General Suggestions on Teaching Students with Disabilities
Faculty control the curriculum in the classroom, and determine how curriculum is taught, and how it is assessed. Students who learn differently than how the course is taught, struggle. Students who are unable to meet time constraints due to processing delays, are penalized during timed exams, even though they may know the content thoroughly. If courses are universally designed, to be effective for the different learning styles of students, then there becomes less need for students to require LOA's.
Students are usually the experts on their own disabilities, so do not hesitate to ask them if you need more information about how they learn best. You can also contact the student's assigned Disability Specialist at DSP.
It is helpful to announce at the beginning of the semester, "Students who have Letters of Accommodations from the Disabled Students' Program, please see me during my office hours." You should put a few paragraphs into your course syllabus welcoming students with disabilities and inviting them to visit you for a discussion of their disability-related academic needs. These paragraphs might read as follows:
If you need disability-related accommodations in this class and have an LOA, have emergency medical information you wish to share with me, or need special arrangements in case the building must be evacuated, please inform me immediately. Please see me privately after class or at my office.
The Disabled Students' Program (DSP) is the campus office responsible for authorizing disability-related academic accommodations, in cooperation with the students themselves, and their instructors. Students who need academic accommodations, or have questions about their eligibility, should contact DSP, located at 260 César Chávez Student Center. Students may call 642-0518 (voice), 642-6376 (TTY), or e-mail email@example.com.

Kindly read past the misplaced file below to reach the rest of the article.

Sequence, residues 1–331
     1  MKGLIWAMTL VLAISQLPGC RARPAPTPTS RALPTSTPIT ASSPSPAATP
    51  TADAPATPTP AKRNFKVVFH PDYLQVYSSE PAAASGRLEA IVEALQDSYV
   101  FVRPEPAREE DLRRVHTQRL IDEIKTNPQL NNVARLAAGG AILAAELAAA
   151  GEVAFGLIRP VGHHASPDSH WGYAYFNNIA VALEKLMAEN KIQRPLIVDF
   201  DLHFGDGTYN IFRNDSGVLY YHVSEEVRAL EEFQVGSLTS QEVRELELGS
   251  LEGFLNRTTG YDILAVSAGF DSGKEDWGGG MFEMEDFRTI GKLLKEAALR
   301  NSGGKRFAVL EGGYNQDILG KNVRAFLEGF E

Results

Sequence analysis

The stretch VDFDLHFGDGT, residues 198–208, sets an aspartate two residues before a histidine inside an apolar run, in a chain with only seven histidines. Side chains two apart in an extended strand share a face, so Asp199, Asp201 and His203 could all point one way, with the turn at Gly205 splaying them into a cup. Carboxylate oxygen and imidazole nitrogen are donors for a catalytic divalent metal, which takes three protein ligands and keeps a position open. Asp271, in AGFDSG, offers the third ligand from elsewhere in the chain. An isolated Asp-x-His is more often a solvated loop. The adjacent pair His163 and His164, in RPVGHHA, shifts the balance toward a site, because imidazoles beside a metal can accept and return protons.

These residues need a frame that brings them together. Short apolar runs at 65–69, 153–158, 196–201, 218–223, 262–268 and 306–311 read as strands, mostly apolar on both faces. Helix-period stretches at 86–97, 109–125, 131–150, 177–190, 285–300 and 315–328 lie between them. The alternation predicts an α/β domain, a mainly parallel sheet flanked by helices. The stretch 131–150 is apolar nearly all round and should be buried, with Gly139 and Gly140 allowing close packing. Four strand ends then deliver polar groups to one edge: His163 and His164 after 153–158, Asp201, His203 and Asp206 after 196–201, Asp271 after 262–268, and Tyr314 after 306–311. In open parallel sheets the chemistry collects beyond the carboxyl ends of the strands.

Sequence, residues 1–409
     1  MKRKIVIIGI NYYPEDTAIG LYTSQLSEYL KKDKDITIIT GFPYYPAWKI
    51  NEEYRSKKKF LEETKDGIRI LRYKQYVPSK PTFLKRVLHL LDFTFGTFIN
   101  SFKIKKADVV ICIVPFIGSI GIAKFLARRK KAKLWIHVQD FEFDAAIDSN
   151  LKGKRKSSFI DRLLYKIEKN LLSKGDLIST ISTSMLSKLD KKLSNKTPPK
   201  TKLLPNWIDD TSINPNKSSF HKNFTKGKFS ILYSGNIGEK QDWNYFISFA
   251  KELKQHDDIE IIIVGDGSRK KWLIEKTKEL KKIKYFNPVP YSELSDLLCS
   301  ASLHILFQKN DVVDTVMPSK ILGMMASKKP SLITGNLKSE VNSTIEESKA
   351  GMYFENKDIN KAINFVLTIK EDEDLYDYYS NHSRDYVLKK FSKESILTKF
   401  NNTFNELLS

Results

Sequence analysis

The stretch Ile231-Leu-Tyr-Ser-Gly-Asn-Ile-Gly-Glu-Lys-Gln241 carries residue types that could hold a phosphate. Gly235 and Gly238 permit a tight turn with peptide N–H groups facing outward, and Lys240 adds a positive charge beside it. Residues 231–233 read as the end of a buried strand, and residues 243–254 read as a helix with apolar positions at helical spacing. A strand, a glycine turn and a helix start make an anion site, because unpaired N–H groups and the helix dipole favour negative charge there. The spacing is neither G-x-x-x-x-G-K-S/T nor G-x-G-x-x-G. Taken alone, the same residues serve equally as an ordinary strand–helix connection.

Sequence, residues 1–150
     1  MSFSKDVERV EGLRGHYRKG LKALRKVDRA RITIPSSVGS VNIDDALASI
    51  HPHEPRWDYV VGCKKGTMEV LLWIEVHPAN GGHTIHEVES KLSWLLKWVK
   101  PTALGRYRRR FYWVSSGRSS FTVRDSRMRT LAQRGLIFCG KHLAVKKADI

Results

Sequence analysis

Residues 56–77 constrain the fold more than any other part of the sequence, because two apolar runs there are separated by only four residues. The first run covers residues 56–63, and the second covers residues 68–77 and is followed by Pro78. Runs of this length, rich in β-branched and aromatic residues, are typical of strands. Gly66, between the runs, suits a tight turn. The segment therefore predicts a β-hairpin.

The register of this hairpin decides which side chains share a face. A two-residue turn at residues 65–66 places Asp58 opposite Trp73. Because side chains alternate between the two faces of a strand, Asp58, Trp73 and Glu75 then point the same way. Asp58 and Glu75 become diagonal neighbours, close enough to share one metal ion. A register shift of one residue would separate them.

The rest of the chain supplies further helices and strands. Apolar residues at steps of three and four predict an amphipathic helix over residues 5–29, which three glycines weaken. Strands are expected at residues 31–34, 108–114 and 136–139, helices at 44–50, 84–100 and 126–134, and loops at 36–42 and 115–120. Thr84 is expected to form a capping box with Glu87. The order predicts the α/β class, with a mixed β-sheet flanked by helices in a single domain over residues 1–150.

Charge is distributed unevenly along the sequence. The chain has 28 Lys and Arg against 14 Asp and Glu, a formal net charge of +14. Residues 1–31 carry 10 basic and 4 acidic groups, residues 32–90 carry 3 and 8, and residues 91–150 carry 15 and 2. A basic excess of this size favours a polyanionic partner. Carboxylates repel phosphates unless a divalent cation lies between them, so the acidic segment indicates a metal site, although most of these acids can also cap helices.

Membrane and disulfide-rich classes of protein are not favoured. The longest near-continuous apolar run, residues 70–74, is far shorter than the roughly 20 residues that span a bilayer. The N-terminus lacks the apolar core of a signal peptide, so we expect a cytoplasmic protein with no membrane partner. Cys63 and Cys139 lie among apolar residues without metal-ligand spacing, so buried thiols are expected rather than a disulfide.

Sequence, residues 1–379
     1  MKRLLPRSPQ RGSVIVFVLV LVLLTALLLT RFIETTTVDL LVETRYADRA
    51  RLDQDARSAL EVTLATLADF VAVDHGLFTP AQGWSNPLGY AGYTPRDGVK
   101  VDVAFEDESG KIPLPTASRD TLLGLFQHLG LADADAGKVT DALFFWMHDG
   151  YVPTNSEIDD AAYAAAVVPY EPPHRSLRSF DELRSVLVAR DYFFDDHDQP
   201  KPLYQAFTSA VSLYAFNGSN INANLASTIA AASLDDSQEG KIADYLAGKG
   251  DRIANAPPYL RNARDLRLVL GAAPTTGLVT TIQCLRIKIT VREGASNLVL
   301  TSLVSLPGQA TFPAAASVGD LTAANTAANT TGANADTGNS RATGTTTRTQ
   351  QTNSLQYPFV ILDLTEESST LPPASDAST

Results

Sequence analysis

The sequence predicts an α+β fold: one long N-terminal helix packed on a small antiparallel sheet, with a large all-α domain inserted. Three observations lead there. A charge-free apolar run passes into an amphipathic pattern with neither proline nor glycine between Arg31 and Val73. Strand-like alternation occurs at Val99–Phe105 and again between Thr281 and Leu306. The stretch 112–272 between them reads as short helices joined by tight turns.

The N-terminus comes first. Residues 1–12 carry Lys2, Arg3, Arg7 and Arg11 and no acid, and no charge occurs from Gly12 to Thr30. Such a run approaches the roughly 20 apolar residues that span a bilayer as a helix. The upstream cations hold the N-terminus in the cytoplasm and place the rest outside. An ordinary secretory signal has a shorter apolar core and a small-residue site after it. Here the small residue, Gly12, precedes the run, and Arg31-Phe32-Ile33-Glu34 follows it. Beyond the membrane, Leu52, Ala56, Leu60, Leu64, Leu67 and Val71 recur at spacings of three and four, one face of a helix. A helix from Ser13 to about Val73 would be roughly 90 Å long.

Recommendations for Inclusive Classrooms
Evening the Playing Field
The intent of LOA’s is to provide an even playing field for students with disabilities who have documented functional limitations. Accommodations help mitigate the impact of the disability.
For example, students with slower auditory processing speeds, and/or motor skills may require additional time on exams in order to help compensate for the extended time it takes them to complete the same process as students without the same disability.
How to Build an Even Playing Field
An even playing field begins with the construction of the syllabi. The more pre work done to insure inclusivity, the less surprised and inconvenienced one will be, when a student presents an LOA requiring specific accommodations not already built into the curriculum.
The following questions go beyond the curriculum content, and focus on access and inclusion:
- What do I want my students to know?
- What do I want my students to be able to do?
- What lasting impact do I want to have?
- What challenges to inclusion might my presentation style create?
- How can I plan my presentations to provide meaningful access to all members of my class, and minimize the need for individual accommodations, without compromising the essential components that I’ve identified, and in the most inclusive way possible?